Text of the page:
Examines how the promise of bank deregulation is leading to problems for consumers, and a proposal for specific legislative steps to solve them.
Deregulation in banking and finance may hold promise for consumers, but what actually seems to be developing is trouble. Large banks are combining into small clusters of mega-banks with national and global reach, supported by government safety nets premised on fears they are too big to be allowed to fail. One result, among several, is that retail banking suffers. Shull and Hanweck evaluate existing bank merger policy and offer workable proposals for new legislative actions that would enhance the benefits of bank mergers without exacerbating the weaknesses. They review the historical role of governments in protecting banks from competition, then the modern policy that promotes competition, and present a model to explain and highlight the problems that today's policies are causing. In the end they turn to their own research and conclude that while a special bank merger policy is still warranted, it needs to be adapted in ways that would rein in the trend toward bigness and soften the impact this has domestically and internationally. A far reaching study essential for executives in all corners of the banking and financial services industry, academic and government researchers, and teachers of business, finance, and public policy.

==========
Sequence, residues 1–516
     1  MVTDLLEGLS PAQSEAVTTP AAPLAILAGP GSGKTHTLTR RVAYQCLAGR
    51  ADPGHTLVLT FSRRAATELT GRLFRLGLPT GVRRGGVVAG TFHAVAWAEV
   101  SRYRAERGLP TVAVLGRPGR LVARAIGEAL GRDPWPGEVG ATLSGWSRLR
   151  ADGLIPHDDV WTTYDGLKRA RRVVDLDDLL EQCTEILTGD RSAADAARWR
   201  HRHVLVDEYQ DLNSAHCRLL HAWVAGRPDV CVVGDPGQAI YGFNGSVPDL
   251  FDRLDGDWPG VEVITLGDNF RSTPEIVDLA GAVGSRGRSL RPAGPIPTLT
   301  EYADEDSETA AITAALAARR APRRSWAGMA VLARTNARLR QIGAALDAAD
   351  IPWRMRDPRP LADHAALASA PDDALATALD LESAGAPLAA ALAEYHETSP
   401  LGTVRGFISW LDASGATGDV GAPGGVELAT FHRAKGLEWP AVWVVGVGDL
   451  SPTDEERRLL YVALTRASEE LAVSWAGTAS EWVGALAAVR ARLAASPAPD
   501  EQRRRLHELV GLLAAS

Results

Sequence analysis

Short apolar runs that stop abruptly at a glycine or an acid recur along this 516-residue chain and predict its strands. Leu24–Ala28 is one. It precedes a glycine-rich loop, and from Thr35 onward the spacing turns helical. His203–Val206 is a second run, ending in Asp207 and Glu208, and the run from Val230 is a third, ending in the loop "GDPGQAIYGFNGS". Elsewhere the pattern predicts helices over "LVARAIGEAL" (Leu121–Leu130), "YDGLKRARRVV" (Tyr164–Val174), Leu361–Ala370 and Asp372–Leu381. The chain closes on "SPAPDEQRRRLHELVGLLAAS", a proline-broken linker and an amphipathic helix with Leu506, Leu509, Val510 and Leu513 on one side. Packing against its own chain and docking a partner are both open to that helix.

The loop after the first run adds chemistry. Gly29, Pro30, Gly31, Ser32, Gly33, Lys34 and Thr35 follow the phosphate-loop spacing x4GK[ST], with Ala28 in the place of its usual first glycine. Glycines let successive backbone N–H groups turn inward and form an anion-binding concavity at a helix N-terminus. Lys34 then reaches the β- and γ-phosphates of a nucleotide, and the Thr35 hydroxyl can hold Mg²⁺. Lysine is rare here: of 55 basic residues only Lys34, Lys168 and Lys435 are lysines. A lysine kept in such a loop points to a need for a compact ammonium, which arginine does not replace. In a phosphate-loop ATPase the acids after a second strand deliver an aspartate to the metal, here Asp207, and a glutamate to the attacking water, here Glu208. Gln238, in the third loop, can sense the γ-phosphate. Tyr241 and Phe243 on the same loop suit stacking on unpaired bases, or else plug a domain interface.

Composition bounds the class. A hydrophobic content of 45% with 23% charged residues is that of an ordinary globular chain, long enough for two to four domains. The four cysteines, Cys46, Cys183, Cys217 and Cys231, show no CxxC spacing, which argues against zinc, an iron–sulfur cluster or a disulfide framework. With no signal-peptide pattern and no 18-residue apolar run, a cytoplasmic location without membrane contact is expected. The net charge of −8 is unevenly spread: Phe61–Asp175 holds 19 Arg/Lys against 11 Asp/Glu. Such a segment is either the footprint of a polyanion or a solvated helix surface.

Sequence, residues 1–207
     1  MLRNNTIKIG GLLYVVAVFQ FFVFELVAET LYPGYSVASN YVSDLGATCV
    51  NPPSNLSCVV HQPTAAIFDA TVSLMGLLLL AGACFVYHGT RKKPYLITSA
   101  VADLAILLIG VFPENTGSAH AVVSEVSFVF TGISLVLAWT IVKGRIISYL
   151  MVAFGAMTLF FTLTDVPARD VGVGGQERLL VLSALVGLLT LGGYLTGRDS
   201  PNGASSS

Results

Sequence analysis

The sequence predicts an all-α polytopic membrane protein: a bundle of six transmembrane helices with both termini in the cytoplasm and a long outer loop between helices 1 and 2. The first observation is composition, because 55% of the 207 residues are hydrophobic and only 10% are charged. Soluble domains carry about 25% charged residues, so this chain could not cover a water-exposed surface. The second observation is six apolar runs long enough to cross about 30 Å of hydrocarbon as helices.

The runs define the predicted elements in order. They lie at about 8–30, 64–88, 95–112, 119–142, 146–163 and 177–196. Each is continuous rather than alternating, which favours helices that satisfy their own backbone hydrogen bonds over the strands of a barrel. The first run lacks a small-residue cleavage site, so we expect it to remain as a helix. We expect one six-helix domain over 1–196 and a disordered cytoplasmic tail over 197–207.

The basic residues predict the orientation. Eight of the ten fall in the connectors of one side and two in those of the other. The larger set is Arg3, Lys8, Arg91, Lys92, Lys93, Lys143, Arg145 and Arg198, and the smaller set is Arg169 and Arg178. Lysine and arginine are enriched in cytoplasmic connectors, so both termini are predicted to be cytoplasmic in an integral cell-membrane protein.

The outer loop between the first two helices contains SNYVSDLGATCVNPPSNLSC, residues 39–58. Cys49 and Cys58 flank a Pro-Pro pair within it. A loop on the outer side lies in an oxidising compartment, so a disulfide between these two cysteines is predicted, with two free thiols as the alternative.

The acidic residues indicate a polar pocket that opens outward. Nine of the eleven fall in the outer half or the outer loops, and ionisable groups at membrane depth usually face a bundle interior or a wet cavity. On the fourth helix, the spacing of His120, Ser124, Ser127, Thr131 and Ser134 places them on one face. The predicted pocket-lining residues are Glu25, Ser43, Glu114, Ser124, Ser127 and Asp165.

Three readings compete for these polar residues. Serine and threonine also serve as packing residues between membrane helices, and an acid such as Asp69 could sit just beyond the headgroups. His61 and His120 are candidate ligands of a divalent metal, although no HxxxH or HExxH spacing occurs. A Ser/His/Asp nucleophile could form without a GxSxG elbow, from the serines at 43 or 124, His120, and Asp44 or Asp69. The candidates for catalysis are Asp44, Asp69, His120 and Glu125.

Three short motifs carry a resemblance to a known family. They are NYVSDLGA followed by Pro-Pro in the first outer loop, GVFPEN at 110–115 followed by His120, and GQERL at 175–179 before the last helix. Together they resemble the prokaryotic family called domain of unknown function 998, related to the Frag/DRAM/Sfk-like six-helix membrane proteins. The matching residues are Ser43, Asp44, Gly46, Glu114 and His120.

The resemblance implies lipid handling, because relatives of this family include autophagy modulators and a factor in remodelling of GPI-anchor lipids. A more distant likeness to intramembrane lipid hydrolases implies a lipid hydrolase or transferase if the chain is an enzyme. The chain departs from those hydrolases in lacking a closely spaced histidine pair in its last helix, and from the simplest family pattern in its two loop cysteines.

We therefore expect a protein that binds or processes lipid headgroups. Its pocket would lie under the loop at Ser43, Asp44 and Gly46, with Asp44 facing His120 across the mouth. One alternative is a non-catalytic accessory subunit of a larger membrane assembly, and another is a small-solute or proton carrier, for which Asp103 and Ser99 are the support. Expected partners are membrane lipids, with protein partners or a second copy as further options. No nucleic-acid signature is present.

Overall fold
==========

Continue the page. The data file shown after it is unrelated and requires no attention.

Many argue that deregulation and technological change have so intensified competition among banks that bank mega-mergers should cause little concern. Shull and Hanweck conclude, however, that a special bank merger policy is still warranted but it needs to be adapted to the way things are today, mainly, the impact that larger banks are having domestically and on the international scene as well. They provide a history of how governments in the U.S. and elsewhere sought to suppress bank competition; then, the unique procompetitive policies that developed in the second half of the Twentieth Century, including the introduction of antitrust standards and deregulation. From their theoretical and empirical evidence they show that the newly combined banks are competitively suspect. From other evidence they find that pricing of retail banking services in local markets does not reflect the improvements that deregulation and rapid technological change have led us to expect. They also describe how current bank merger policy, implemented by the Federal Reserve, other Federal banking agencies and the Justice Department, facilitates the growth of large banks and augments the new structural configuration. Can these problems be solved? Shull and Hanweck believe they can be and propose detailed, workable changes in public policy to do so.